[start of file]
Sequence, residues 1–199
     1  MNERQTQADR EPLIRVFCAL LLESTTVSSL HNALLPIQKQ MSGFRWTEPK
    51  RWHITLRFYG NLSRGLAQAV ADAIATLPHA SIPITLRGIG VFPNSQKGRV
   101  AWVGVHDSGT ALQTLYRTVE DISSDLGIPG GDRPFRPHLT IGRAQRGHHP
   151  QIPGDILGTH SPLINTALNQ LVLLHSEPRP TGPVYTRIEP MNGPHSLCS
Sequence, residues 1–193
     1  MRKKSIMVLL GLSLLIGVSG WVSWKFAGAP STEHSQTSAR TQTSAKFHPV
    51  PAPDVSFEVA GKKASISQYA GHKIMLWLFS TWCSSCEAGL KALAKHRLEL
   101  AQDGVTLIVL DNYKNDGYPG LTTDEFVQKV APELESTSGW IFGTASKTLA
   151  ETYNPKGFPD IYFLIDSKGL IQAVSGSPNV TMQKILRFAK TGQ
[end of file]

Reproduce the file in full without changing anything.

Sequence, residues 1–199
     1  MNERQTQADR EPLIRVFCAL LLESTTVSSL HNALLPIQKQ MSGFRWTEPK
    51  RWHITLRFYG NLSRGLAQAV ADAIATLPHA SIPITLRGIG VFPNSQKGRV
   101  AWVGVHDSGT ALQTLYRTVE DISSDLGIPG GDRPFRPHLT IGRAQRGHHP
   151  QIPGDILGTH SPLINTALNQ LVLLHSEPRP TGPVYTRIEP MNGPHSLCS
Sequence, residues 1–193
     1  MRKKSIMVLL GLSLLIGVSG WVSWKFAGAP STEHSQTSAR TQTSAKFHPV
    51  PAPDVSFEVA GKKASISQYA GHKIMLWLFS TWCSSCEAGL KALAKHRLEL
   101  AQDGVTLIVL DNYKNDGYPG LTTDEFVQKV APELESTSGW IFGTASKTLA
   151  ETYNPKGFPD IYFLIDSKGL IQAVSGSPNV TMQKILRFAK TGQ